This Is the Worst U.S. Earnings Season Since 2009


This U.S. earnings season is on track to be the worst since 2009 as profits from oil & gas and commodity-related companies plummet.

So far, about three-quarters of the S&P 500 have reported results, with profits down 3.1 percent on a share-weighted basis, data compiled by Bloomberg shows. This would be the biggest quarterly drop in earnings since the third quarter 2009, and the second straight quarter of profit declines. Earnings growth turned negative for the first time in six years in the second quarter this year.

The damage is the biggest in commodity-related industries, with the energy sector showing a 54 percent drop in quarterly earnings per share so far in the quarter, with profits in the materials sector falling 15 percent.

The picture is brighter for the telecom services and consumer discretionary sectors, with EPS growth of 23 percent and 19 percent respectively so far this quarter.

When compared with analyst expectations, about 72 percent of companies have beaten profit forecasts. That’s only because the consensus has been sharply cut in the past few months, Jeanne Asseraf-Bitton, head of global cross-asset research at Lyxor Asset Management says in a telephone interview.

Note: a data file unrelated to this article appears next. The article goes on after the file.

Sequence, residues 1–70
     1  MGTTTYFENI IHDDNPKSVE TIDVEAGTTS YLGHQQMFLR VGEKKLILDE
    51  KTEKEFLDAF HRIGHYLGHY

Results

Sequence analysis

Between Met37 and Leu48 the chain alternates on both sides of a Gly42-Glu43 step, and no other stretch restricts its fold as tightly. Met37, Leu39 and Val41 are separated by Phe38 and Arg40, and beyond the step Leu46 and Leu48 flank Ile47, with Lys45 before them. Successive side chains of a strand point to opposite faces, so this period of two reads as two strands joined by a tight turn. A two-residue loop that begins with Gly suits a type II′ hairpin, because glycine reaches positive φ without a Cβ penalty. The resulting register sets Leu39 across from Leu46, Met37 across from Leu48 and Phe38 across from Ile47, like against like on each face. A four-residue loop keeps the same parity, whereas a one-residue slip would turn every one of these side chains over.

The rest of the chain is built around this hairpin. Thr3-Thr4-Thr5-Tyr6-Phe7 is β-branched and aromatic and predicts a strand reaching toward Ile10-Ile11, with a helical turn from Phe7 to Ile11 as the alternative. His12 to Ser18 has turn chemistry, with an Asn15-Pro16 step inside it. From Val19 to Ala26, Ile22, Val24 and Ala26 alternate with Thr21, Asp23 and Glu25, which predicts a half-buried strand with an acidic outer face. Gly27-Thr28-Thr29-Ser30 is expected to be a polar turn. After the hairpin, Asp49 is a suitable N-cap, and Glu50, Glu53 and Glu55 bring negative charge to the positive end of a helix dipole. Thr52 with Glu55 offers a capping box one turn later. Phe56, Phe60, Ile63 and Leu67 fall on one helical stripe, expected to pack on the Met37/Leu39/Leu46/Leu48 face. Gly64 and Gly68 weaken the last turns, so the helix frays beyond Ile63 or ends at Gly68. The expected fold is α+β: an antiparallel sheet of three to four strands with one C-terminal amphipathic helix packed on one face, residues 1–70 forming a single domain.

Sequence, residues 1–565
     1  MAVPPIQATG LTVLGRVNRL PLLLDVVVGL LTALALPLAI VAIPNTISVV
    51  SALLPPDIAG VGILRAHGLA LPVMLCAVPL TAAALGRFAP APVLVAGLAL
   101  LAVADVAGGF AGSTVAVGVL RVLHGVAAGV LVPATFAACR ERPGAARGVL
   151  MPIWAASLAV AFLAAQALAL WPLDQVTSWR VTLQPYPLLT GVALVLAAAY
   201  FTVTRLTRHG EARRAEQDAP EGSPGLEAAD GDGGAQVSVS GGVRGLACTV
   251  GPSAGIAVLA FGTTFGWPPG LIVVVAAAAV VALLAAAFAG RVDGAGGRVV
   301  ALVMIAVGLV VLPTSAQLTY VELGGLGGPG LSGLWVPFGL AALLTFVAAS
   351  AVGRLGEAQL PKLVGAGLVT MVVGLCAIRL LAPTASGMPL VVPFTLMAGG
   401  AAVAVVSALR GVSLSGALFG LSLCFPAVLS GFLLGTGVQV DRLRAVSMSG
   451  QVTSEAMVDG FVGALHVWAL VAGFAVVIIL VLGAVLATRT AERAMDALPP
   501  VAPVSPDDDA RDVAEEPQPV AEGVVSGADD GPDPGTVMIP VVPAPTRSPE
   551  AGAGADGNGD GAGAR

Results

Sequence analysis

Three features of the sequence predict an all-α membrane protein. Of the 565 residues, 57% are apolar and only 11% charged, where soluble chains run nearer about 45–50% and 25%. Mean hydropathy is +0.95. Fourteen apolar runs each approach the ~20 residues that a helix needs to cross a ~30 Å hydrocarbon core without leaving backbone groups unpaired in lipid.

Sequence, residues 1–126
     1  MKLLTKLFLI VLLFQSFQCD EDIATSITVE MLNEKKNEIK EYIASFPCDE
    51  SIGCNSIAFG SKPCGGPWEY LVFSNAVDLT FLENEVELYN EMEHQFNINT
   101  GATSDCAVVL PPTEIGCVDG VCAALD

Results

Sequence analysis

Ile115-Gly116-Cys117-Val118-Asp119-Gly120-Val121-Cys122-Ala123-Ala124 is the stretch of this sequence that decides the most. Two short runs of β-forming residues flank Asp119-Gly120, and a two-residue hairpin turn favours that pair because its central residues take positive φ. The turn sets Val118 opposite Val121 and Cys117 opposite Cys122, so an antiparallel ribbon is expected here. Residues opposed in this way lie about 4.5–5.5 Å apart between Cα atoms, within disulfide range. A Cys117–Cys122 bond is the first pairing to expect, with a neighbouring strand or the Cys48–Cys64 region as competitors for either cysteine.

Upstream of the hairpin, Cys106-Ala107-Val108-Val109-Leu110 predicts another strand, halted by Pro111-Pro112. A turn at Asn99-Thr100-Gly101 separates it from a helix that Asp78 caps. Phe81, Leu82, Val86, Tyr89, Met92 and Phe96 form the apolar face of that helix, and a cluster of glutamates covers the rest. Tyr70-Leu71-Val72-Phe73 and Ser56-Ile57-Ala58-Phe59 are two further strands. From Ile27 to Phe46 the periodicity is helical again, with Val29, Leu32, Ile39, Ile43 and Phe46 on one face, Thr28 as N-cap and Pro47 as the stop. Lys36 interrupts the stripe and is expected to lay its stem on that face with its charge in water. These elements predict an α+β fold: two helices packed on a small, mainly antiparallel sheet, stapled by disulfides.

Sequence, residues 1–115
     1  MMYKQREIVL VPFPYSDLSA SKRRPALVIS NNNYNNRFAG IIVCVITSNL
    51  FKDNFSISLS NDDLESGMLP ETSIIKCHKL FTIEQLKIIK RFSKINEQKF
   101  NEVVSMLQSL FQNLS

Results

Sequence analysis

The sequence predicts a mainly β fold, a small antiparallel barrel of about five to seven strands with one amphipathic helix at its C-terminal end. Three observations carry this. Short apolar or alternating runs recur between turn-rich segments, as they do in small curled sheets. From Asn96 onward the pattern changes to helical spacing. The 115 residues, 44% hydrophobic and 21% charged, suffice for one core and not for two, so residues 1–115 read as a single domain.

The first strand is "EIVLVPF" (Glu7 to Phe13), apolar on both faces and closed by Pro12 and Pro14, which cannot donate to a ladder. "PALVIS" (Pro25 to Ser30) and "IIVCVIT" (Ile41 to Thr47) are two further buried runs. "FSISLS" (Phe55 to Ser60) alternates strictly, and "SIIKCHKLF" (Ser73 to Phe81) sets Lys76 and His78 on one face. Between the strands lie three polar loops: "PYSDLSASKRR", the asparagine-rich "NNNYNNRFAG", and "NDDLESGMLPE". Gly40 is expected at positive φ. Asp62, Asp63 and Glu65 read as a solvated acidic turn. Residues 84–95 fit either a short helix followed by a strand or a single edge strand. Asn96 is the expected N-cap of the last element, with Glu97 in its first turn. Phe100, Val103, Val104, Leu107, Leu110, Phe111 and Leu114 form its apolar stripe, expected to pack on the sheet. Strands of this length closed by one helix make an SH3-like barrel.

For the year as a whole, S&P 500 earnings are expected to fall 0.5 percent, data compiled by Bloomberg shows. For 2016, earnings growth is now seen at 7.9 percent, down from 10.9 percent in late July.

Next year’s consensus is “still very optimistic,” Asseraf-Bitton says, citing the lack of positive catalyst seen for U.S. stocks in 2016 as well as the negative impact from the sharp slowdown in the U.S. energy sector.

By contrast, the euro-zone is the only region worldwide where earnings are expected to “grow significantly” in 2015, according to a note from Societe Generale Head of European Equity Strategy Roland Kaloyan.

Euro Stoxx 50 earnings are expected to rise 10 percent in 2015 and 5.7 percent in 2016, data compiled by Bloomberg shows.

Written by Blaise Robinson of Bloomberg

(Source: Bloomberg)

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